Heat Capacity, Enthalpy, Entropy, and the Third Law of Thermodynamics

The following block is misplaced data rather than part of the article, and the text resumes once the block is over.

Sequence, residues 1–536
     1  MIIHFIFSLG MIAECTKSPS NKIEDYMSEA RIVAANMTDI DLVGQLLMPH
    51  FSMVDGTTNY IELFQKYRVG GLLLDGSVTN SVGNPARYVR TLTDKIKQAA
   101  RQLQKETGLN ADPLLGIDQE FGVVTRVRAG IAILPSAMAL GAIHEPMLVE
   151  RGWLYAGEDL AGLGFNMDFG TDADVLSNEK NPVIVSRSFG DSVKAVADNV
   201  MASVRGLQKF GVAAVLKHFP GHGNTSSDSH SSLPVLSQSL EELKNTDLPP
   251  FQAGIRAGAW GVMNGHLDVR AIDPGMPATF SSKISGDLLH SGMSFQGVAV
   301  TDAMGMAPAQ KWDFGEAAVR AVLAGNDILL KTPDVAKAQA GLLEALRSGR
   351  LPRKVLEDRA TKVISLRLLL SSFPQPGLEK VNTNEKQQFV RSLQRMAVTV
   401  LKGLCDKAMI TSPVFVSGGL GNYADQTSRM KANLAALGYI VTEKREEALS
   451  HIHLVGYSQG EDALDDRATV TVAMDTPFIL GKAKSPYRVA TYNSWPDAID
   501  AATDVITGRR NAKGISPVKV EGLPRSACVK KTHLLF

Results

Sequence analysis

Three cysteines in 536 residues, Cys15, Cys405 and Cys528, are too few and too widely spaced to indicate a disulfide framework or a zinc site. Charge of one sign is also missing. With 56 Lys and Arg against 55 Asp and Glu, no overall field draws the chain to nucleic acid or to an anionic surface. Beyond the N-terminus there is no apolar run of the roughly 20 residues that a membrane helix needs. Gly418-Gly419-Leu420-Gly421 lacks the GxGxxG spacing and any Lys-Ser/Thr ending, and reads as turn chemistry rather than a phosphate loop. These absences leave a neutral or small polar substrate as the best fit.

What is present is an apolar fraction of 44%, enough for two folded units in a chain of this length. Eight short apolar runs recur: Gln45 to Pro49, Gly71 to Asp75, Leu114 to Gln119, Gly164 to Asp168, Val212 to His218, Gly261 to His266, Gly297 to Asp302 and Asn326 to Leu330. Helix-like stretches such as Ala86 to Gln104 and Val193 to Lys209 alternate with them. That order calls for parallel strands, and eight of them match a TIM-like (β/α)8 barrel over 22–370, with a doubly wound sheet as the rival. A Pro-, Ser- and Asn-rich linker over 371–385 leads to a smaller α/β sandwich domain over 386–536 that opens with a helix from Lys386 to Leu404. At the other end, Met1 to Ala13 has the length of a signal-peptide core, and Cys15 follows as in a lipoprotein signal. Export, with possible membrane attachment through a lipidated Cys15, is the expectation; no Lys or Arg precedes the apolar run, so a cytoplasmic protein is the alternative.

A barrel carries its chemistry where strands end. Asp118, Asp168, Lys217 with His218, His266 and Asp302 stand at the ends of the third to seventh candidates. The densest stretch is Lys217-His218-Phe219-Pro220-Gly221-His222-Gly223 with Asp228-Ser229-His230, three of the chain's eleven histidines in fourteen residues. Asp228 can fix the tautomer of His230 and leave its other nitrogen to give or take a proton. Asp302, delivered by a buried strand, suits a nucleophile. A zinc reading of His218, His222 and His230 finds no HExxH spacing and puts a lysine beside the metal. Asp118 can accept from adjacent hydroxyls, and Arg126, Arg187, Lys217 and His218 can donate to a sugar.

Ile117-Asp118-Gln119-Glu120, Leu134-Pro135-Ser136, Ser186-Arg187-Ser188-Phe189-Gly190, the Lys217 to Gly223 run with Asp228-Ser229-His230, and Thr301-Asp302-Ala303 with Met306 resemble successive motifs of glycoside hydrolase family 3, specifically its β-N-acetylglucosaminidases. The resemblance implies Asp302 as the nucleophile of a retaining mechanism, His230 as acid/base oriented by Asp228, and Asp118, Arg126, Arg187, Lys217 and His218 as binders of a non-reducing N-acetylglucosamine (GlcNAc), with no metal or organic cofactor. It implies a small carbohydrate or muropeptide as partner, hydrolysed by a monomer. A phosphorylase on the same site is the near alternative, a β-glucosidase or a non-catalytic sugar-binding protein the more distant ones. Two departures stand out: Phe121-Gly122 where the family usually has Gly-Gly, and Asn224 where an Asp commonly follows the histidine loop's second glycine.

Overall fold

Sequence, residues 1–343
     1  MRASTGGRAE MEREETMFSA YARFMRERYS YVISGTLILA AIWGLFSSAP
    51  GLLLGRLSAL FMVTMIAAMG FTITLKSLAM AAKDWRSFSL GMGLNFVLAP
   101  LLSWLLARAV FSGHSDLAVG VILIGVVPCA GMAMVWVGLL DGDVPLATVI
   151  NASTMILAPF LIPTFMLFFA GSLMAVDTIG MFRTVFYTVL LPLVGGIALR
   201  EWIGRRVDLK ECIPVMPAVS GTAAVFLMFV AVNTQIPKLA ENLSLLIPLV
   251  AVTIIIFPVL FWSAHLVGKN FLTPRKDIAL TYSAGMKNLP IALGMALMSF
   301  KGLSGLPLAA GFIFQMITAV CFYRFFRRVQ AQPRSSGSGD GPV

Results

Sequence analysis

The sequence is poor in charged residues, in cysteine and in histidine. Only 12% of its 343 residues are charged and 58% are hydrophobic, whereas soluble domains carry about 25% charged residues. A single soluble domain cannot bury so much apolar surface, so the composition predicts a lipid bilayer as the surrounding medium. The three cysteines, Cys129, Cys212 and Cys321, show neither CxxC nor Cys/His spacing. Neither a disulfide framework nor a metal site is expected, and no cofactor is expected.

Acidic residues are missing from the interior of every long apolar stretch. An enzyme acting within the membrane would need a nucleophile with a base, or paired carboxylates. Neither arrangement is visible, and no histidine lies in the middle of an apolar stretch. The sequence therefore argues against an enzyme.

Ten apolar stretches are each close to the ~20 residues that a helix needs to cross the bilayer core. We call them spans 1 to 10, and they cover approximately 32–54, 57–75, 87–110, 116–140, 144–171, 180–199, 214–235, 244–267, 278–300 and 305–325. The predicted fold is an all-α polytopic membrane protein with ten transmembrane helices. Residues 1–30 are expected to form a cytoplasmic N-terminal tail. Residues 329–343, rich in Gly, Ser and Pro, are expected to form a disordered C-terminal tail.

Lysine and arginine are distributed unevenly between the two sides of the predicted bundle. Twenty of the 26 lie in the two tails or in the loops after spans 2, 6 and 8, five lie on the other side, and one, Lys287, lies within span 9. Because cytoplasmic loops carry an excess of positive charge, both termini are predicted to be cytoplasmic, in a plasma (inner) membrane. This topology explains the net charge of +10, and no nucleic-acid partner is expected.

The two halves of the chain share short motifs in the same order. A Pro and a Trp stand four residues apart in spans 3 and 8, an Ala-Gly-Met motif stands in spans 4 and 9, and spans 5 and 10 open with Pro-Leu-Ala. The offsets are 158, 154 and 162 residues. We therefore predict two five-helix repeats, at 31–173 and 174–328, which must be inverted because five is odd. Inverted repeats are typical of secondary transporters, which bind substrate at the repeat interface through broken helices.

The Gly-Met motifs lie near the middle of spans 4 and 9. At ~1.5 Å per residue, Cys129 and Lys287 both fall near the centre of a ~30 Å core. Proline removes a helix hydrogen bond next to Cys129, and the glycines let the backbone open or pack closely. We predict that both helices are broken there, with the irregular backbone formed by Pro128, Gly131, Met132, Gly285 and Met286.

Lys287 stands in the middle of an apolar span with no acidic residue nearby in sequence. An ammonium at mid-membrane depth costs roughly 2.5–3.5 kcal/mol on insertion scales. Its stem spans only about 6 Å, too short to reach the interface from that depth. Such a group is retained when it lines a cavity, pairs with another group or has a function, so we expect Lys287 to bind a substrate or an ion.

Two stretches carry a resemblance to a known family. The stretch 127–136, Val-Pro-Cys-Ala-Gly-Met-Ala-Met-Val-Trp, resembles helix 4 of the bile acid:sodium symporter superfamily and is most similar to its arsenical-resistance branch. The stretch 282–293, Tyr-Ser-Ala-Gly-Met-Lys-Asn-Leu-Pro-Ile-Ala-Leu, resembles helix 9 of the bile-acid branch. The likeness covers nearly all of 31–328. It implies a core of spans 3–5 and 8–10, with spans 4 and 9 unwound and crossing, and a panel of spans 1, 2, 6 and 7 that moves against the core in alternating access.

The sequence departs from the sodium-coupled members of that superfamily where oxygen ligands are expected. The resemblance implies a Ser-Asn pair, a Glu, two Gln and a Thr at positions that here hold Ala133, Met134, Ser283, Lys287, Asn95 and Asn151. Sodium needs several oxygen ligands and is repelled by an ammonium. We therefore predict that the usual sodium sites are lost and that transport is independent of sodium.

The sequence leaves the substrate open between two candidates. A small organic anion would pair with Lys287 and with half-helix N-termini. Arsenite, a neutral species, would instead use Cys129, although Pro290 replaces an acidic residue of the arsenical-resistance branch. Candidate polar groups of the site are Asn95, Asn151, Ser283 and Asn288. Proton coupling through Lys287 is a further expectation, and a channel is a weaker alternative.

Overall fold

This chapter provides the knowledge of the heat capacities and the entropies of substances and the heats of formation of compounds, which allow the enthalpy and entropy changes to be evaluated for any process—that is, for phase changes and chemical reactions. The heat capacity of solids can be modeled by the statistical thermodynamic models of Einstein and Debye. The entropy of all substances which are in complete internal equilibrium is zero at 0 K. This is the Nernst–Planck–Simon statement of the Third Law of Thermodynamics. Both the enthalpy and entropy are dependent on pressure and temperature. However, the pressure dependence of the enthalpy and entropy of condensed phases is normally small enough to be ignored, especially when the pressure of interest is in the range 0-1 atm. The variation of enthalpies of transformation with temperature and pressure can be calculated by the application of the First Law of Thermodynamics to the changes in enthalpy with temperature and pressure.